It’s a picture of our marriage. Of happiness, but the messy kind. The crazy kind. The kind that fights, and worries, and struggles, and stays. The kind that gets better, eventually, shaped and textured by the bumps along the way. The kind that sometimes even has you on your knees in a scuba mask, gasping for air. Not like that. Well maybe like that. Depends what you’re into.
In case you were getting your moustache bleached when the July edition of The Overcast hit shelves…
You know two of the things I love most about my husband? His jiggleberries. Just kidding. HIS PARENTS.
It’s unusual, I know. Most people hate their in-laws. Hating your in-laws is as universal as hating root canals, autocorrect, and Nickelback. I guess when you swoop into someone else’s nest and make off with one of their flock, it can ruffle a few feathers. The new bird is always strange, and the nest is always cuckoo. (Sorry, everyone hates bird analogies too.) Personally, this lucky duck wouldn’t know much about it because I hit the jackpot in the in-law department.
I have friends who detest their “outlaws.” When they tell me about the latest assault on their parenting or housekeeping methods, I say “Why, I never!” Then my sympathy switches to gratitude for my own good fortune and I shout, “Sucks to be you! My in-laws are fantastic!” Then they throw rocks at me.
I wasn’t sure how I felt about anything five years ago when Dad died. I wondered how any of it – having kids, getting published – would matter when he wasn’t here to see it. But it seems the void loss creates can be occupied by other good things if you let it. I broke the rules and filled in the dad-shaped space – with someone else’s father.
When I met Wayne Murphy more than a decade ago, one of the first things I noticed about him was his eyebrows – thick, black, severe looking, like an angry Muppet’s. But I quickly discovered those brows were actually wooly canopies shielding the world’s brightest smile from the elements. If this guy was a Muppet, he was Tickle-Me-Elmo.
When we visit, Wayne is out in the driveway before I’ve shut off the engine – to carry his baby granddaughter in from the car. He plays with Rae so much, I can scarcely get my hands on her when we’re there. His sandwich sits there, uneaten, because he’s too busy playing peekaboo. Sometimes he’s so moved by her funny faces and sweet babble, tears well up in his eyes. He says, “She’s so cute, it hurts.”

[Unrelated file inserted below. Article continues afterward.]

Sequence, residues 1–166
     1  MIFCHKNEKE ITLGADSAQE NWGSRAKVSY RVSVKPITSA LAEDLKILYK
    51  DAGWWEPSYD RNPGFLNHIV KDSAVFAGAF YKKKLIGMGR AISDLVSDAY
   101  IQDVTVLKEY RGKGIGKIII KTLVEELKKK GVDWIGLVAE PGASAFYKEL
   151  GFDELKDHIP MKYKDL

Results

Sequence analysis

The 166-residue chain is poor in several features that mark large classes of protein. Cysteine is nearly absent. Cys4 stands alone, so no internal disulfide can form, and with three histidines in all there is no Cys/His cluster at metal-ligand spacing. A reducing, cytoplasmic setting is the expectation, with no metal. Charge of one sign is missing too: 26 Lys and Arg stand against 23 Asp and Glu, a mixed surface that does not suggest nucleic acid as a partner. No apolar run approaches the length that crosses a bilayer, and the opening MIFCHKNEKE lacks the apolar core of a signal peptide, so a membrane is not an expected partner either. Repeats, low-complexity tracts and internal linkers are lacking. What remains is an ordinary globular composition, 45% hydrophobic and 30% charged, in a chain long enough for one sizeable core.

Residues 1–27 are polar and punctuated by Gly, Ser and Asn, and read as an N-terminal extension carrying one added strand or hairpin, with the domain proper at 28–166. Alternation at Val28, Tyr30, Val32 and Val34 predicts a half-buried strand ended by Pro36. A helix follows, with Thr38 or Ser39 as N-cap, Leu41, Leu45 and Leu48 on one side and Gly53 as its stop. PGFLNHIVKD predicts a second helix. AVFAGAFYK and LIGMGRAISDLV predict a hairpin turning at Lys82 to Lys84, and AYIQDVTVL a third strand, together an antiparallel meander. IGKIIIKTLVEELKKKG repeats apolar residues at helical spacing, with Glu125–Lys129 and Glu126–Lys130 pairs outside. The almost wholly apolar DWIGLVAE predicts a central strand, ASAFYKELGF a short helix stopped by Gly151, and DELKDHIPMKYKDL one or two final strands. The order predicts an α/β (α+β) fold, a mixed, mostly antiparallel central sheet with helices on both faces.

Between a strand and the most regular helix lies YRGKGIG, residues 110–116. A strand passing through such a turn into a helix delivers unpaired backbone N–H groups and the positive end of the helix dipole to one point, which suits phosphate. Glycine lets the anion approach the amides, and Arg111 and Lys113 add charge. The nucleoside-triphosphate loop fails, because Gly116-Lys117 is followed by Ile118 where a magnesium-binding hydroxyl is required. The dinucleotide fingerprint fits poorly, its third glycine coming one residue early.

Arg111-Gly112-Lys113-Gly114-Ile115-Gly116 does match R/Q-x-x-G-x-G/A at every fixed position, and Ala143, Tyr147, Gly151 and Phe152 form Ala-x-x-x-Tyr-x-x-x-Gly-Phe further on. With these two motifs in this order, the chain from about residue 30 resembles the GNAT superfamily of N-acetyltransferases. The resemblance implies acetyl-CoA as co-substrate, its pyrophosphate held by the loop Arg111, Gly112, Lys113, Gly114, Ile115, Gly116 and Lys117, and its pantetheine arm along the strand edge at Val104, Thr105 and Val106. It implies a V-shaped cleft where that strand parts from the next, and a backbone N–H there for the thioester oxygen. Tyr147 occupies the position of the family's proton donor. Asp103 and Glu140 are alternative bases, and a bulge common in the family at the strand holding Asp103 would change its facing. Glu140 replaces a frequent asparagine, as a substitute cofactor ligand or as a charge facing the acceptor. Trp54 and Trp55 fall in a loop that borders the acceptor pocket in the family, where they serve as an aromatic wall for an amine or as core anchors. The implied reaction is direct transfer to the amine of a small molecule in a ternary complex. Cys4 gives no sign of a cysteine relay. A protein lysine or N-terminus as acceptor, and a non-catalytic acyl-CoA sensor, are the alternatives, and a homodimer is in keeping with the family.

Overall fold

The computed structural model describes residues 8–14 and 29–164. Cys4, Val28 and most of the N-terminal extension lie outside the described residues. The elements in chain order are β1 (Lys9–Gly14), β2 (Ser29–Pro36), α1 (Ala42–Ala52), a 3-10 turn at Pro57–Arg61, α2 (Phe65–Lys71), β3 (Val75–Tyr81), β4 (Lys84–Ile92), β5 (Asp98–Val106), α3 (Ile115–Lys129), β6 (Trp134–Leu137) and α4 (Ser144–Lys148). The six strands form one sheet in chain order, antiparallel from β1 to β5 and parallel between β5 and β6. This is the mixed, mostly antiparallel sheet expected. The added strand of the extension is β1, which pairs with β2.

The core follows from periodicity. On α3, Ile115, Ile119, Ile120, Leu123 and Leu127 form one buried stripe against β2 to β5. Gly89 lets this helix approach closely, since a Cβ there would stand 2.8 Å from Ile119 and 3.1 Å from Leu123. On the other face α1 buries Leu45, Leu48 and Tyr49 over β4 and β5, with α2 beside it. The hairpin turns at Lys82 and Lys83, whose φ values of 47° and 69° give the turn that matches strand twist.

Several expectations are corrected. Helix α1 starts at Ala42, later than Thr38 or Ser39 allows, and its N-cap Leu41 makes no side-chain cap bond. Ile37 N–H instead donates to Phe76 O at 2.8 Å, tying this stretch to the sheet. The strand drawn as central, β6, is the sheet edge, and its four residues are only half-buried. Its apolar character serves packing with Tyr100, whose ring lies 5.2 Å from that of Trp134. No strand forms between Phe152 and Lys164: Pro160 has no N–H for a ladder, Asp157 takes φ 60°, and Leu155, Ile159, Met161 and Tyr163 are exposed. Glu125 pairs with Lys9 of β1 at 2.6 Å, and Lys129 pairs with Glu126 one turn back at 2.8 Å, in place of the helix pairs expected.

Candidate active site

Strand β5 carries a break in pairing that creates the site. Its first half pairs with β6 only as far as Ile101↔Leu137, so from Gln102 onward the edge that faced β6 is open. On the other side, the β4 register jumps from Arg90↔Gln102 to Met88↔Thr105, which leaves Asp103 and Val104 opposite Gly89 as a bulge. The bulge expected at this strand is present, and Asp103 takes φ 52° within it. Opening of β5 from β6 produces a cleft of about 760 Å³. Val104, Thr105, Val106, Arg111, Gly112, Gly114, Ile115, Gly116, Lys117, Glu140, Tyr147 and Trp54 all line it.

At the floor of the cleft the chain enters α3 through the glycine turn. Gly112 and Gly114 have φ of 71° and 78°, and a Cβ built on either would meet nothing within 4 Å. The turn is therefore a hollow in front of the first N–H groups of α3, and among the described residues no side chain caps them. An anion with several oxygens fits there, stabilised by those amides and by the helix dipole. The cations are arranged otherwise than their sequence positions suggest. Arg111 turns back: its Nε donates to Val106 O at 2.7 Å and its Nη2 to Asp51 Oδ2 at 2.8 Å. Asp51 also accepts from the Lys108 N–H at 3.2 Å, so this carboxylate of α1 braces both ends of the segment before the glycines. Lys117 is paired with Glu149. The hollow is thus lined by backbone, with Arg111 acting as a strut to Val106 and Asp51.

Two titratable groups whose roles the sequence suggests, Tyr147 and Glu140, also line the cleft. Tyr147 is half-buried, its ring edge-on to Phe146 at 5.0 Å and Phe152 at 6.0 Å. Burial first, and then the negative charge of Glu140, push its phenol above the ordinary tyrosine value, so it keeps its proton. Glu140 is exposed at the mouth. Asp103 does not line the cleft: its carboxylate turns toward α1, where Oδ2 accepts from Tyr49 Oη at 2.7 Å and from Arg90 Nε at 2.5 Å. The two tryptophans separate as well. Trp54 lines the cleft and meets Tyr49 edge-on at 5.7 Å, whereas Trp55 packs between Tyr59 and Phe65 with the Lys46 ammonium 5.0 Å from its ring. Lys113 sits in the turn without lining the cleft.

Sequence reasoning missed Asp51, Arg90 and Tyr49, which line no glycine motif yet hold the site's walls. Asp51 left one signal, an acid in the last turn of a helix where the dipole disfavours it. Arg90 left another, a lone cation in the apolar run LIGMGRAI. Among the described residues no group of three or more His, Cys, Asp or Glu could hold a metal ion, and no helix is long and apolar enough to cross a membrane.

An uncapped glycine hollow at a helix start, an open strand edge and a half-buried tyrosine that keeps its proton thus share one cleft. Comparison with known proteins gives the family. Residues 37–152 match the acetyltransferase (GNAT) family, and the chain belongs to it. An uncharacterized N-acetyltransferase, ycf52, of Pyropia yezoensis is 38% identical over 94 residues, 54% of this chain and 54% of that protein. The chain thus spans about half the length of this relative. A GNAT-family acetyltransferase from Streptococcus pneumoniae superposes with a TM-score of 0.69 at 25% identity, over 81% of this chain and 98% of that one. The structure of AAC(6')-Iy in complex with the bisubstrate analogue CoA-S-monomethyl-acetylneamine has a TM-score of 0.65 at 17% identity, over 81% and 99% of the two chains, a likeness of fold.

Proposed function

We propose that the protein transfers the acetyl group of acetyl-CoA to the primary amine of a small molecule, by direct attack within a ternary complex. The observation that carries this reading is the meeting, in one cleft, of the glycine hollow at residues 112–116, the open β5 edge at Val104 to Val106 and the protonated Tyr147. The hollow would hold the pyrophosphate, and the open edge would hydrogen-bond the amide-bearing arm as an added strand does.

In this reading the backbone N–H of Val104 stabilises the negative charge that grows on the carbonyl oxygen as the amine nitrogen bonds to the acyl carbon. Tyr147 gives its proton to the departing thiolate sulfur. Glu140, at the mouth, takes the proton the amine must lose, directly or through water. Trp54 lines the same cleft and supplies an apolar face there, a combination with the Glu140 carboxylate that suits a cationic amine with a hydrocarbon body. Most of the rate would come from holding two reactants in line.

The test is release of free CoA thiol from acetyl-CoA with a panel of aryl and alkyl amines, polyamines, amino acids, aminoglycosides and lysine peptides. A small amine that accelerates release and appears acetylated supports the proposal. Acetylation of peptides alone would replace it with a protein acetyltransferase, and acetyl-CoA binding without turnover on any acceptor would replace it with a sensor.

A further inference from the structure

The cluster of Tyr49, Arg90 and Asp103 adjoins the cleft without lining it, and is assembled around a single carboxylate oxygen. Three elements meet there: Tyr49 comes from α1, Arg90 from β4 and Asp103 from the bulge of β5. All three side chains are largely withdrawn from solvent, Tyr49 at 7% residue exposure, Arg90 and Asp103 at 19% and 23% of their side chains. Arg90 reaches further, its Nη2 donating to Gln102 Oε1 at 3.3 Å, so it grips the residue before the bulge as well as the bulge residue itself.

Wayne and I also share a special bond, one largely based on naughty jokes – a sentiment I’ve generously brought into the family, to my husband’s amusement and horror (mostly horror).
I feel bad sometimes because I get to enjoy him more than most of his own crowd. And when I say crowd, I mean CROWD. Wayne and Rosena have seven children and ten grandchildren. But only two and four of them, respectively, live here in the province. Work and commitments keep the others away, but their hearts are home in Mount Pearl, where they used to pile into the car to go for a drive and fight for the coveted spot in the front seat between their folks, where breathing was possible.
A couple years back, I made Wayne a Father’s Day card that read: “My dad is dead but I reckon you’re a pretty good substitute.” (My humour can be dark.) Nobody can replace my father. Jim Combden was something else and I’ll think of him every day for as long as I live. But I won’t spend so much time remembering him that I forget to see the souls still above the sod. Apparently recognition doesn’t matter much to anyone once they’re tits-up. The world is full of love that goes unspoken.
My dad would be glad. He was grateful that I was a part of the humble Murphy brood, where the kettle is always on for me, where I still speak of him often. He knew I was in good hands, with the family I had and the one I had married into. Of course, blood is thicker and all that. But I’ve told Wayne and Rosena: if things don’t work out with me and Andrew – he’s out, I’m in.
Tomorrow, I’ll be helping my father-in-law celebrate his 70th birthday. And the very next day, I’ll be celebrating my father’s memory at the 6th annual Jimmy Golf Tournament for the Gander Cancer Clinic.
If you grew up calling your vagina a vagina, your parents deserve a medal. A vadge badge of honour even.
If you grew up calling it a vulva, your parents are fucking geniuses and deserve a trophy shaped like a giant penis — NO DUMMY, A BIG FAT VULVA.
It seems the vast majority of moms and dads just can’t stomach the correct anatomical term for “down there.” So they make shit up. Like cookie, or butterfly, or magic unicorn cave. Or something completely nonsensical like “hoo-hoo.” Or something super gross like “front bum.”
When my video on the subject was posted yesterday, people commented with their own tales of twat terminology. Someone said she grew up calling it her “mussentouchit.” She must have cleaned the thing with a water gun. Another lady said her vagina was called her “under face.” I’ve been staring at my twat upside-down in the mirror ever since, trying to see a face. No go. I guess the beard is in the way or something.